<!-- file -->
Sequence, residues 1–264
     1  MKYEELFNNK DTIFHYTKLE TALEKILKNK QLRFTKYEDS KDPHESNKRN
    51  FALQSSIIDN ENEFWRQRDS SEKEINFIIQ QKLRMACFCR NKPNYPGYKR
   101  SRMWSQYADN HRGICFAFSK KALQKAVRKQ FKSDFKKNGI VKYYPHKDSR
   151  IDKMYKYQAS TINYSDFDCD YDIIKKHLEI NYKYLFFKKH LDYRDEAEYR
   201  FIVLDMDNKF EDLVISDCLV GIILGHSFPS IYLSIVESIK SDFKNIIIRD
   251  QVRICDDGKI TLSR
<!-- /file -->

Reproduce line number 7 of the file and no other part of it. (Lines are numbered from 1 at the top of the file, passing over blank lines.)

   251  QVRICDDGKI TLSR